Deal boom on the way, say private debt professionals

July 2018  |  FEATURE  |  MERGERS & ACQUISITIONS

Financier Worldwide Magazine

July 2018 Issue


Buoyed by a strong economy and the free availability of capital, the private debt market may be on the cusp of a deal boom.

2017 saw private debt fundraising and capital deployment surpass pre-crisis highs, according to Preqin, with direct lending funds recording strong growth. Furthermore, private debt funds have been increasingly active; assets under management have increased fourfold over the last decade to $595bn by the end of 2016, and could reach $2.5 trillion in the next 10 years, according to Intertrust.

One of the key drivers of interest in the private debt space is the level of returns generated in the space. Twenty-two percent of investors surveyed by Intertrust in 2017 said that returns from the asset class had exceeded their expectations over the last three years, up from 15 percent in 2016. Only 9 percent thought returns had fallen short.

The lending landscape which changed following the financial crisis has also been a catalyst for the private debt space. Increased regulatory oversight, through measures such as Dodd-Frank and Basel III, saw the private debt market fill gaps left behind, particularly in the middle market. As a result, investors are more eager to participate in the asset class. Thirty-six percent of professional investors intend to increase their allocation to private debt in the next 12 months, according to Intertrust. This increased interest has translated to greater levels of committed capital across the industry, particularly from Asian and European commercial banks and investors. By the close of 2017, private debt fundraising surpassed $100bn in aggregate capital raised by funds closed. And that capital is expected to be deployed over the next 12 months.

Since the financial crisis, the private debt space has been a growth market. Though there may be headwinds in the short to medium term, a deal boom may be on the way.

According to Proskauer’s April 2018 ‘Trends in Private Credit’ report, more than 40 percent of private debt investment professionals foresee a boom in deal activity in 2018. The majority hold a ‘bullish’ outlook for the future of the industry, with only 12 percent expecting deal activity to decline in the coming year. A key deal driver is expected to be dry powder, cited by 88 percent of respondents. Private debt funds accumulated $107bn in 2017, and more than a third of that capital has not yet been invested, according to Preqin. Other major drivers include sponsors seeking realisations and the state of the US economy. Though it was considered a deal driver by 5 percent of professionals, Brexit is not expected to significantly impact deal activity, though that may change as the March 2019 deadline approaches.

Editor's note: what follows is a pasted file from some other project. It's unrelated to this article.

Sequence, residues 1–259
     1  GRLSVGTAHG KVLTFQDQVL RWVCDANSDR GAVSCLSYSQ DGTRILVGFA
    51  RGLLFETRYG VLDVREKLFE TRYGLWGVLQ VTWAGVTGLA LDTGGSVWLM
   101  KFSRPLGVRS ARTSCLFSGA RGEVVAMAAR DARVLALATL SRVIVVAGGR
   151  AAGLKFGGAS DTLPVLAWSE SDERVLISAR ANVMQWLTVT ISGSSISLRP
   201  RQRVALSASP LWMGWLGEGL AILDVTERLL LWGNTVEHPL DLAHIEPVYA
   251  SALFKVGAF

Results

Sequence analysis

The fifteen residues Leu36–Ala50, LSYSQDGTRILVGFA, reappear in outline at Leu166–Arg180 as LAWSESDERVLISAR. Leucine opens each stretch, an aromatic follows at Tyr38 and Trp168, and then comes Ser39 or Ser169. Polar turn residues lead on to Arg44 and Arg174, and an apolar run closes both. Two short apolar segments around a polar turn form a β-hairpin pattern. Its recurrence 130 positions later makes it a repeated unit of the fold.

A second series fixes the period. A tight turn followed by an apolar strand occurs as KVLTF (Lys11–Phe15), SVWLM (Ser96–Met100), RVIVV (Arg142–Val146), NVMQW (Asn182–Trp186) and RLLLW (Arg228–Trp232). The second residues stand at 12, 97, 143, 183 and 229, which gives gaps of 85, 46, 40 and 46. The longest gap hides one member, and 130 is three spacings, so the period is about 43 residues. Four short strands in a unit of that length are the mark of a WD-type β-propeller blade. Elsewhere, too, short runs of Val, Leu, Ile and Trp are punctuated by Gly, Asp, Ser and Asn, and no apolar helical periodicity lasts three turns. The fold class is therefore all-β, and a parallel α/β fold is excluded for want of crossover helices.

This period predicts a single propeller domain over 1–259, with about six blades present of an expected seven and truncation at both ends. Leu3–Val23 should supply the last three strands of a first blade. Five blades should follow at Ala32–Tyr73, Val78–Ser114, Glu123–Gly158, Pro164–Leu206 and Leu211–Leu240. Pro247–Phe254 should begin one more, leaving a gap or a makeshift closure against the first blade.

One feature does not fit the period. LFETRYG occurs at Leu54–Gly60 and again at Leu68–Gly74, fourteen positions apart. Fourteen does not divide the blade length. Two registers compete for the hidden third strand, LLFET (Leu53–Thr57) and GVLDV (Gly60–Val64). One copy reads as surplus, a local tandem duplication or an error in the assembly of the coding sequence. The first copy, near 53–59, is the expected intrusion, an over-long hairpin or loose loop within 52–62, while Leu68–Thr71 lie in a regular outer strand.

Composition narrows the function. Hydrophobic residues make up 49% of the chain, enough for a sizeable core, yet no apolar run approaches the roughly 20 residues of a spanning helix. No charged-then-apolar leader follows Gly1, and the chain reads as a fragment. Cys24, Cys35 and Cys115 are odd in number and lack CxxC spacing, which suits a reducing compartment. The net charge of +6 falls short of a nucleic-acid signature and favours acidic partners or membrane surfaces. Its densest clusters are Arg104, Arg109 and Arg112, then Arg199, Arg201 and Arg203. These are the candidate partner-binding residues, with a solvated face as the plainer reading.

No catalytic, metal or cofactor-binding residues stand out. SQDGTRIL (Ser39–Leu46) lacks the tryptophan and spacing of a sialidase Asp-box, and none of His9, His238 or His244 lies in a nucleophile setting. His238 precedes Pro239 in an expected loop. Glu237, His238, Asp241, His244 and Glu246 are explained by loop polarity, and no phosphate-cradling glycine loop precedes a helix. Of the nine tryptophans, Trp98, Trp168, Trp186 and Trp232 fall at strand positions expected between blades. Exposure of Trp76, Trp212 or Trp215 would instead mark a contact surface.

Given the potential of the asset class, the private debt space has attracted new players, including several new hedge fund entrants over the last 12-18 months. The £44.5m M&G Impact Financing fund, for example, has participated in several recent private and illiquid debt deals. Furthermore, in April, Permira Debt Managers signed its seventh direct lending deal, a €150m credit facility which enabled French coffee company Daltys to acquire Maxicoffee.com.

Eighty-eight percent of respondents to Proskauer’s survey expect deal activity to remain the same or increase through 2018, while 41 percent in particular believe it will increase. Companies in the business services, healthcare, software and technology, manufacturing and transport and logistics industries are most likely to be targeted for investment – particularly in the US, where the recently enacted US tax reform is expected to positively impact activity, and was cited as the fourth most important deal driver by investment professionals. Ninety percent of US respondents expect the tax reform to impact deal flow positively or for it to stay the same.

Consumer and retail organisations are likely to suffer, however, as pressure from Amazon and other online suppliers impacts operations and reduces prospects for accessing private debt.

Despite the optimism permeating the industry, however, there will be challenges to overcome. Competition for deals will be one of the biggest issues along with high transaction multiples and a lack of quality assets in the market. Concerns around high multiples are more pronounced in the UK and across Europe.

Potential interest rate rises in the US and UK would also have a bearing on deal activity, though there is some uncertainty about European rate rises. Prices are expected to decline across those jurisdictions where rises occur. The withdrawal of the European Central Bank’s stimulus, expected to occur later this year, will impact credit markets, potentially making it easier for buyers. The impact of the European Leveraged Lending Guidelines, however, is expected to be positive for organisations providing private credit, according to 84 percent of respondents.

Since the financial crisis, the private debt space has been a growth market. Though there may be headwinds in the short to medium term, a deal boom may be on the way, with the US, Canada, the UK and Western Europe poised to be the most targeted markets.

© Financier Worldwide


BY

Richard Summerfield


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